With regard to the rates of subsidy, to which the noble Lord referred, I took note that the existing level will continue for the first six months, and that for the second six months special measures will be announced later. Will the noble Lord be so good as to tell us when we may expect to hear what these special measures will be, when they will be announced and whether there will be further consultations with the fishing industry before these arrangements are finally settled? With those few observations and two queries I have much pleasure in supporting these Orders.


My Lords, may I briefly repeat a plea that I made on March 9 when a Scheme similar to the two now before your Lordships' House was being discussed? The second of the two Schemes now before the House is laid pursuant to no fewer than four recent Acts of Parliament: the White Fish and Herrings Industry Acts, 1953 and 1957, and the Sea Fish Industry Acts, 1959 and 1962. There would appear to be a need to consolidate into a single Act of Parliament this group of recent Acts dealing with this subject, and I think it is in order for me to say that the Special Orders Committee have twice in the course of their deliberations recently expressed the need for consolidation in this field.

When I raised the matter on March 9 the Minister was extremely sympathetic to the plea that I then made, but he pointed out that there was yet another Statute to be brought before the House dealing with this subject and that it would not be timely to proceed with consolidation until this further Statute had been passed. In due course the Fishing Vessel Grants Bill came before us, and was passed by this House on June 13 last. The event which the Minister on the former occasion foreshadowed now having come to pass, I hope that he will be even more sympathetic to the need for consolidation of this group of Acts into a single Act, and I hope he will now be able to say that he will make strong representations for a consolidating measure to be placed before Parliament.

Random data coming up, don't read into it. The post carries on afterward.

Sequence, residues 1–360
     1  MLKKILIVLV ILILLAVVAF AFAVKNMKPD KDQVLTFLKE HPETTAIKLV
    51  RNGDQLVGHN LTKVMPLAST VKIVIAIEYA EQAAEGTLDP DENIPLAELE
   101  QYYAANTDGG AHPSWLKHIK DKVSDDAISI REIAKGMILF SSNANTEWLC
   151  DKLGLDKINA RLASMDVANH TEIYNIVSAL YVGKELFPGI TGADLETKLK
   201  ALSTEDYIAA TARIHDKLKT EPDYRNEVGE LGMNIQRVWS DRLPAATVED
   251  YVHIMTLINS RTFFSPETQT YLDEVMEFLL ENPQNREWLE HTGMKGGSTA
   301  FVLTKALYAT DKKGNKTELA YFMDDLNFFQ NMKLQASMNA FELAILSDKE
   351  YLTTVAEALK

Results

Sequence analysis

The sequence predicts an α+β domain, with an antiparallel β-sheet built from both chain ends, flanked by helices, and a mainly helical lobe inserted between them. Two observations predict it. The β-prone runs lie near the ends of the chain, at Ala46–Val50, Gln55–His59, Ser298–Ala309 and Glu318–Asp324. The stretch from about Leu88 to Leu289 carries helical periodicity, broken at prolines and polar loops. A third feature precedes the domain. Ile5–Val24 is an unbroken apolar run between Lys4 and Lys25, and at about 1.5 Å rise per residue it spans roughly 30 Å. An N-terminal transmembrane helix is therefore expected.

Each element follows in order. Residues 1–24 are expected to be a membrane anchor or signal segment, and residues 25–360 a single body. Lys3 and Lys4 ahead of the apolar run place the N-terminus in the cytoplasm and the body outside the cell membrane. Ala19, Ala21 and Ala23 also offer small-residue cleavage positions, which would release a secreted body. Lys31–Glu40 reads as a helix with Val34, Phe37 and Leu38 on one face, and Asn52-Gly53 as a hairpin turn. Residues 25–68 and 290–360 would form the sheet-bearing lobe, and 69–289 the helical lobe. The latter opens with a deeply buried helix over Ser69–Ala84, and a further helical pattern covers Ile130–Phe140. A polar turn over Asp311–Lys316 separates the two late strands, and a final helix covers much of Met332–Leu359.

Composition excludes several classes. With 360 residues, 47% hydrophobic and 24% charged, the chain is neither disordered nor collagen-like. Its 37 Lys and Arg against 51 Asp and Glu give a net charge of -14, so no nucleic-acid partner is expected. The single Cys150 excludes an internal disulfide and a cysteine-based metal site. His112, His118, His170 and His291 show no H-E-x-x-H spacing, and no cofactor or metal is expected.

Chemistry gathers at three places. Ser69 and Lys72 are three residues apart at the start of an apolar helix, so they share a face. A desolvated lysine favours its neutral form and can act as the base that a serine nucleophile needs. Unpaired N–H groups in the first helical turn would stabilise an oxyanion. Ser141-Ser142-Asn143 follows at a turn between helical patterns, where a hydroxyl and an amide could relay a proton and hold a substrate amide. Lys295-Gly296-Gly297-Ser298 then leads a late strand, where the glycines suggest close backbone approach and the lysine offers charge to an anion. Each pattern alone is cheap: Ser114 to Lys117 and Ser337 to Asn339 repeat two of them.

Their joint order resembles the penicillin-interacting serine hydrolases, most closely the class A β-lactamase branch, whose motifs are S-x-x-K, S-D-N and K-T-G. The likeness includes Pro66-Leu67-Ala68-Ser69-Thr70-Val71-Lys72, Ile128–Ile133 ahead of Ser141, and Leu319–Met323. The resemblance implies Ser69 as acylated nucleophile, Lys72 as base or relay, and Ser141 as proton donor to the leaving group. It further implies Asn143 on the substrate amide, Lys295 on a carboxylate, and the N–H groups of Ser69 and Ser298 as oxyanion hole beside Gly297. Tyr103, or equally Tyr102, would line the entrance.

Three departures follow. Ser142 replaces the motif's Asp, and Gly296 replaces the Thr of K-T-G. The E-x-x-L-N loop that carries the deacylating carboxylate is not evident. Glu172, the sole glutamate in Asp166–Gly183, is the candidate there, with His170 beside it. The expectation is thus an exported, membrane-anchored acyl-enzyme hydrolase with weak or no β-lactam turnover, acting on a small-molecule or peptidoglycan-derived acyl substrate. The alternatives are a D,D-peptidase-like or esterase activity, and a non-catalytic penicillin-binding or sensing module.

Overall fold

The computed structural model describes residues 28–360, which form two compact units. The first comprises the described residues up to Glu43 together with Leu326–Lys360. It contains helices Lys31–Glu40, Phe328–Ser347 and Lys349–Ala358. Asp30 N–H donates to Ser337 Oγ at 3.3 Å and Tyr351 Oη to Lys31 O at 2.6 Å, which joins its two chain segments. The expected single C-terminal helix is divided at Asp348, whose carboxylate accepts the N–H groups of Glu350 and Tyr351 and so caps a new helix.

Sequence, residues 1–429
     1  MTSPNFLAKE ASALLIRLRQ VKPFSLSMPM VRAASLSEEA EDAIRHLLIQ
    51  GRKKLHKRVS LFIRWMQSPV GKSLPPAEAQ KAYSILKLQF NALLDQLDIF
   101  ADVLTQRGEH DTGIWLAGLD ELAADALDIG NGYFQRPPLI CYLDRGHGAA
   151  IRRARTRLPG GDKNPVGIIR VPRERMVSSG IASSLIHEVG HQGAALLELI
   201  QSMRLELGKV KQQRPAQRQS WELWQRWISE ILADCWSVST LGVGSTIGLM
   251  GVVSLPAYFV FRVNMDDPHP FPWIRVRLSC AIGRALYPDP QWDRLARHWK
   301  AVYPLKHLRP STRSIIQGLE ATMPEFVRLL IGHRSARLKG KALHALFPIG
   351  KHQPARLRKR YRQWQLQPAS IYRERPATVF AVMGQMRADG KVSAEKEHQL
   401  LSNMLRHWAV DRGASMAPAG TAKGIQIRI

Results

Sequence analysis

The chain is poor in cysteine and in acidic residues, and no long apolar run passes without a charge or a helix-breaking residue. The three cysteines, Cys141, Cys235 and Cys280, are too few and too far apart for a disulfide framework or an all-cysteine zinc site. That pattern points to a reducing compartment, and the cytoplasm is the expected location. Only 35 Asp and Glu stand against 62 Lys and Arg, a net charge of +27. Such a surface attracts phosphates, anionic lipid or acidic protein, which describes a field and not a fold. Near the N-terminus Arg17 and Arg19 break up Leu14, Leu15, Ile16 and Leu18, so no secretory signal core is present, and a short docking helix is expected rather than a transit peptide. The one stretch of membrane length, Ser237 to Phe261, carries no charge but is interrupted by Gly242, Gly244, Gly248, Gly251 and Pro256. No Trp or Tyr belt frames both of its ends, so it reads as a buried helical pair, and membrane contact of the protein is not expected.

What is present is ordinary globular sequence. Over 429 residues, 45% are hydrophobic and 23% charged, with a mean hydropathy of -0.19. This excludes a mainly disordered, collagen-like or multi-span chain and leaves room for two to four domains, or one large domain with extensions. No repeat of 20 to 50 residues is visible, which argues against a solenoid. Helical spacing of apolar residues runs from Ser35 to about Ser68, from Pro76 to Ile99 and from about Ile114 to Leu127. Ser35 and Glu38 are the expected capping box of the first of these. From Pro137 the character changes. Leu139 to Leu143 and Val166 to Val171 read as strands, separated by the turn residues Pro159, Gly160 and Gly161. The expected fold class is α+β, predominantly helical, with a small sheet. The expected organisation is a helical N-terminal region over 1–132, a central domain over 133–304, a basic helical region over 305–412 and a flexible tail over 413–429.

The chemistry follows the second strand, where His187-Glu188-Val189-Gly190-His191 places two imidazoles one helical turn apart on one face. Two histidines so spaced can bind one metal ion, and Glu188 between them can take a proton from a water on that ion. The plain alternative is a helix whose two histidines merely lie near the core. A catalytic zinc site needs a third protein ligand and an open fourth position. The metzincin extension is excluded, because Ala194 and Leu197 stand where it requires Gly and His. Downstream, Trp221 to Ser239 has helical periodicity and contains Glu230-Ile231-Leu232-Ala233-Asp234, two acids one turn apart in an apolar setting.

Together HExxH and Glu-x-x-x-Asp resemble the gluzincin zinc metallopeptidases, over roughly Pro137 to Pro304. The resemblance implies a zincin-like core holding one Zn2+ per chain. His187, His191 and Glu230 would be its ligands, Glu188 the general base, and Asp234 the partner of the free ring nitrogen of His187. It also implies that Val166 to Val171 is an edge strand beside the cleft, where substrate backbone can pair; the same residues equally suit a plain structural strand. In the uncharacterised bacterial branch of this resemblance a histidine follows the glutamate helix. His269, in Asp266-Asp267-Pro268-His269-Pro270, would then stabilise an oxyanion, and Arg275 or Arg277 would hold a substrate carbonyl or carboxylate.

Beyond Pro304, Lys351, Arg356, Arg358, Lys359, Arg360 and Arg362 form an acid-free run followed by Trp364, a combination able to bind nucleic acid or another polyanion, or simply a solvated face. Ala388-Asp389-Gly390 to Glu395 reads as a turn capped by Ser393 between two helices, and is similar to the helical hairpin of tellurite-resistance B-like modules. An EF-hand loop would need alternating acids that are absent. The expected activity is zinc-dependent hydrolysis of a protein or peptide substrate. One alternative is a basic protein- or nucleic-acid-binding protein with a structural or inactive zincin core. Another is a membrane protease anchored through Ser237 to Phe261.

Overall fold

6.6 p.m.


My Lords, there are three points for me to answer. First, the point raised by the noble Lord, Lord Nugent of Guildford, concerning the conservation of fish stocks. I cannot do very much more than to assure him, as I did on the last occasion when this matter was discussed, that I am entirely in agreement with him about the great importance of this matter. There is an enormous need to get international agreement on it, and I assure the noble Lord that we are taking active steps—not, perhaps, with a great deal of publicity, but through the appropriate channels with the other countries concerned—in order to arrive at some effective and realistic measure of conserving fish stocks. I am glad the noble Lord mentioned it, because I am sure that it cannot be mentioned too often, and the more people like the noble Lord and others mention it, the greater impact it will have.

With regard to his second question, about the new arrangements that will be made for special subsidies for the next six months, an Order for that period will be made in January, 1968 (in other words, six months from now) and, of course, all the interested parties—the industry and those connected with the fishing industry—will be consulted in the usual way before that Order is laid and before a decision is taken on the form and amount of the subsidy.

The noble Lord, Lord Airedale, has once again raised a point that he raised on a former occasion; and again I am pleased that he has done so, because I am entirely on his side in this matter. It will certainly be of great administrative convenience, if nothing else, if there can be a consolidation of this disparate group of Orders, Schemes, legislation, and all the rest of it. However, I would point out to him that there is a large mass of fishery legislation of this kind and it is a question of deciding which are the most important measures to deal with first and to consolidate. In fact three consolidation measures have been undertaken in the last year or so. The noble Lord will agree, I think, that this shows we are bearing this matter in mind, and not only thinking about it but acting upon it. I cannot give him any firm promise when the legislation concerning these Schemes will in fact be consolidated, but they have taken their place in the queue and I can assure him that those which are the most urgent will be dealt with first.

On Question, Motion agreed to.